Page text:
How Does Hair Grow?
Learning how hair grows is important to understanding how hair loss occurs and what can be done to treat it. Hair is made of keratin that is produced in the papilla which is located within the hair follicle under the skin. The part of the hair that rises out of the follicle or the visible part of hair is called the shaft. Hair growth is caused by actively dividing cells within the follicle. As a result hair growth requires a healthy scalp and good blood flow to the follicle.
Hair growth is divided into two phases; anagen or the active phase and telogen the resting phase. During anagen, the hair shafts grow out of the follicles. This phase lasts for about five years. During this phase, cells are rapidly dividing. After the growth phase the hair goes into the telogen phase. This phase lasts about 12 weeks. After this resting period the hair falls out as new hair shafts start growing from the follicle, displacing the resting shaft. A human head has about 120, 000 hair on the scalp and loses about 100 hair shafts a day. This normal hair loss is not obvious; however, in alopecia there is a noticeable difference.
Most causes of hair loss are hereditary or as a result of hormonal changes. However, hair loss can also occur as a result of trauma, disease, and chemical or medication interference.
How Drug Induced Alopecia Occurs
Drug induced hair loss occurs as a result of chemical interference to the natural growth cycle. The magnitude, the effect rate, and the duration of the hair loss depend on the phase when the interference occurred. If drug exposure occurs during the telogen phase, hair loss is typically noticeable between one and six months after exposure. If the drugs damage cell activity during the anagen phase, then hair loss is noticeable within a couple of weeks.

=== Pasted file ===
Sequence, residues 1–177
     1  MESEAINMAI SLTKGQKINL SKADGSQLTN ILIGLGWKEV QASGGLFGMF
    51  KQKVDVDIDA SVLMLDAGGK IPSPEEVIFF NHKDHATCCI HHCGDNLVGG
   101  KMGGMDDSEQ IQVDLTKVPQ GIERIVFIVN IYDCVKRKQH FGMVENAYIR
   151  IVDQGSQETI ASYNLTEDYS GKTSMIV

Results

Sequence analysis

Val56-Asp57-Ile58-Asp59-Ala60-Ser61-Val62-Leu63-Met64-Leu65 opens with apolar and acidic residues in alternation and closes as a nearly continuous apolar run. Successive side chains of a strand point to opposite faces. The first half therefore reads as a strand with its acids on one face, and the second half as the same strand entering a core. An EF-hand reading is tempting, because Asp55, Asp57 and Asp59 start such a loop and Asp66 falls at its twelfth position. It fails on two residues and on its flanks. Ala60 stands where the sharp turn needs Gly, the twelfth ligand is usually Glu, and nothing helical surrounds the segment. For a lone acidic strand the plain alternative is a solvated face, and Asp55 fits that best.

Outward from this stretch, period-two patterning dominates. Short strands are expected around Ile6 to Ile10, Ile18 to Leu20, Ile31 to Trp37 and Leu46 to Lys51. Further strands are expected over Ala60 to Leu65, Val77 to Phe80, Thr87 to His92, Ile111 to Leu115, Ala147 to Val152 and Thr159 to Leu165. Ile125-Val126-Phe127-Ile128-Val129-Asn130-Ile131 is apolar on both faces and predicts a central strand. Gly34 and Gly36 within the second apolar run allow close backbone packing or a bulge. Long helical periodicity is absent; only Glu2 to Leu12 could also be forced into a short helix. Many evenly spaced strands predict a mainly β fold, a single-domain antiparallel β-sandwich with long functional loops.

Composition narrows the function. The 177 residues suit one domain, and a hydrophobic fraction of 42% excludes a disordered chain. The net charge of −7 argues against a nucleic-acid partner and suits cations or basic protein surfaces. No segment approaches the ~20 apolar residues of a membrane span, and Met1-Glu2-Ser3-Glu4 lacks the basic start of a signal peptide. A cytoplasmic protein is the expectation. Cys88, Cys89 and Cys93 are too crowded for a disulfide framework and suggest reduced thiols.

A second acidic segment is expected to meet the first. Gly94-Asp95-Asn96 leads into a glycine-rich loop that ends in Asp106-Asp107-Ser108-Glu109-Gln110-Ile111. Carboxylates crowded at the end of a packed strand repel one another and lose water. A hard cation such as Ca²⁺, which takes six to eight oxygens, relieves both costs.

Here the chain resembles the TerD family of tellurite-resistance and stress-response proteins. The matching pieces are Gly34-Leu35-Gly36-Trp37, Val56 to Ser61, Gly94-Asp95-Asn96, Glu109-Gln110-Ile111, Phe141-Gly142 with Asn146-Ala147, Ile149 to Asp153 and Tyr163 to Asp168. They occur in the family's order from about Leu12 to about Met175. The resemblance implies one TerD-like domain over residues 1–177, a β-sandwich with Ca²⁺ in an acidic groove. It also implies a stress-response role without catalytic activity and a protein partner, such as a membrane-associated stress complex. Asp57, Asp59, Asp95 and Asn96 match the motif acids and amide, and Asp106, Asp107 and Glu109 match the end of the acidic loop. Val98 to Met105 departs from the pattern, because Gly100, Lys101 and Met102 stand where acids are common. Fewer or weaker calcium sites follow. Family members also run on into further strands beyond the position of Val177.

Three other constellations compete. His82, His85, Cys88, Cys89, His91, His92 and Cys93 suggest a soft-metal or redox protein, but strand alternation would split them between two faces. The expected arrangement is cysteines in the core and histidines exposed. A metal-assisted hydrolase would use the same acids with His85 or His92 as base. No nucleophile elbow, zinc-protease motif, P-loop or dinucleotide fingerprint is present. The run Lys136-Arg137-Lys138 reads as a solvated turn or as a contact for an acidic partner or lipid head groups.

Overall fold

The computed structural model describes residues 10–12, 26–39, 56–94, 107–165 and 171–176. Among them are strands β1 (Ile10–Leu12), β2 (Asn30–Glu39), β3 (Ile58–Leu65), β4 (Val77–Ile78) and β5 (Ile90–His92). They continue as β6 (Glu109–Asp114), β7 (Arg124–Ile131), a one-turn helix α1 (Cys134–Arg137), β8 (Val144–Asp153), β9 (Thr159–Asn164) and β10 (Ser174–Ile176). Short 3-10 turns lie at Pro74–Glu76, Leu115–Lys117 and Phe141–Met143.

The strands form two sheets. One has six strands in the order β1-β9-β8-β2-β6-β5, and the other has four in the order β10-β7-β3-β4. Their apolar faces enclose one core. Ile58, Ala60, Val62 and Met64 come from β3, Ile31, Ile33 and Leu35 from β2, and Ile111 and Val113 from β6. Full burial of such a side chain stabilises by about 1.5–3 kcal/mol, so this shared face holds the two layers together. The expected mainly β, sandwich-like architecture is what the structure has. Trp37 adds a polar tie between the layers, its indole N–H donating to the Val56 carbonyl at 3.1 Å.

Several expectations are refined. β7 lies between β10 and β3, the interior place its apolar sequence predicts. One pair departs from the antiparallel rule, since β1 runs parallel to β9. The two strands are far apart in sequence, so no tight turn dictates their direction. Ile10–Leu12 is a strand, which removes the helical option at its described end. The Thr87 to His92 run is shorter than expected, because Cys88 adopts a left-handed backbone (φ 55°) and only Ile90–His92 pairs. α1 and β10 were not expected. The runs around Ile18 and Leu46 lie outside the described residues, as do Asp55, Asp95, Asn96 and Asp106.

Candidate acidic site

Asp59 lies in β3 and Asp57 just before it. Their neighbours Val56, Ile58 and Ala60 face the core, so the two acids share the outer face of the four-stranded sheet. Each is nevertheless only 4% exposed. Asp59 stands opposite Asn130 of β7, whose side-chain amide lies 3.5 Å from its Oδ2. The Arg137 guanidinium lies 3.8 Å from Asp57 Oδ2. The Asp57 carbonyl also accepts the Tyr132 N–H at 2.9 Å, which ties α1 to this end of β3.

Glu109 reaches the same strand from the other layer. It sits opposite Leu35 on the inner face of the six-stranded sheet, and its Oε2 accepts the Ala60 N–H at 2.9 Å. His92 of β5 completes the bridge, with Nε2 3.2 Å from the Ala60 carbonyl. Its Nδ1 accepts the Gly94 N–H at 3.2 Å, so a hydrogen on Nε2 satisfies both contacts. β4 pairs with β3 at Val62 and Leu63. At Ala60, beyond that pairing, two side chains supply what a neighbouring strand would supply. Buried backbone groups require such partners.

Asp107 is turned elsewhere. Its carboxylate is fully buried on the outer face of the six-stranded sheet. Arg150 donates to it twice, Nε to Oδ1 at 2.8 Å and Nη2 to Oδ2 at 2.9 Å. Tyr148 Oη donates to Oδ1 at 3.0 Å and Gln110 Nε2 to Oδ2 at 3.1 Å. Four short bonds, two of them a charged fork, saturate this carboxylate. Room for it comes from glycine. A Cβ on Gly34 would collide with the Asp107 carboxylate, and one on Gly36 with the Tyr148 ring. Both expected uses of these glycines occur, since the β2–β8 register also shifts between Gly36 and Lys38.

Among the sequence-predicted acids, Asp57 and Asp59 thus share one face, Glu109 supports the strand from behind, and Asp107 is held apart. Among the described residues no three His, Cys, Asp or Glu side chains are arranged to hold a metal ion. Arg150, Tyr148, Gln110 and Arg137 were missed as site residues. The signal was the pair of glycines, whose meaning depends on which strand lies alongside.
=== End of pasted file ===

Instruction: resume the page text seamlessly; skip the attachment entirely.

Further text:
Chemotherapy drugs target rapidly dividing cancer cells. These drugs are cytotoxic causing the death of their target cells. However, chemotherapy drugs do not discriminate; they target ALL rapidly dividing cells which include the rapidly dividing cells within the hair follicle.
The drugs either disrupt the new hair growth by interrupting it or arresting it. Interruption leaves only fine underdeveloped hair. Drugs can also completely arrest the cell processes, stopping hair growth completely and causing all the hair to fall out.
Medications that Cause Hair Loss
- Chemotherapeutic Drugs: Most commonly known drugs that cause hair loss are drugs that are used to treat rapidly dividing cancerous cell. Since, hair cells divide rapidly they are also affected. However, not all chemotherapy drugs cause hair loss; they may cause hair thinning, but not loss. However, the combination of drugs may cause hair loss. Chemotherapy drugs associated with hair loss include,
- Prescription drugs associated with hair loss: bismuth, levodopa (used to treat Parkinson’s disease), cyclosporine (immunosuppressant used to prevent organ rejection), and colchicines (used for treating gout).
- Other medications: beta-blockers, carbamazepine (used to manage epilepsy), anticoagulants, and retinoids.
The good news is that drug induced hair loss is reversible. As soon as the medication is eliminated, then the normal growth cycle is resumed.
- Robert A Schwartz; Anagen Effluvium: eMedicine Dermatology, September 2009
- Elizabeth Hughes; Telogen Effluvium; eMedicine Dermatology, March 2009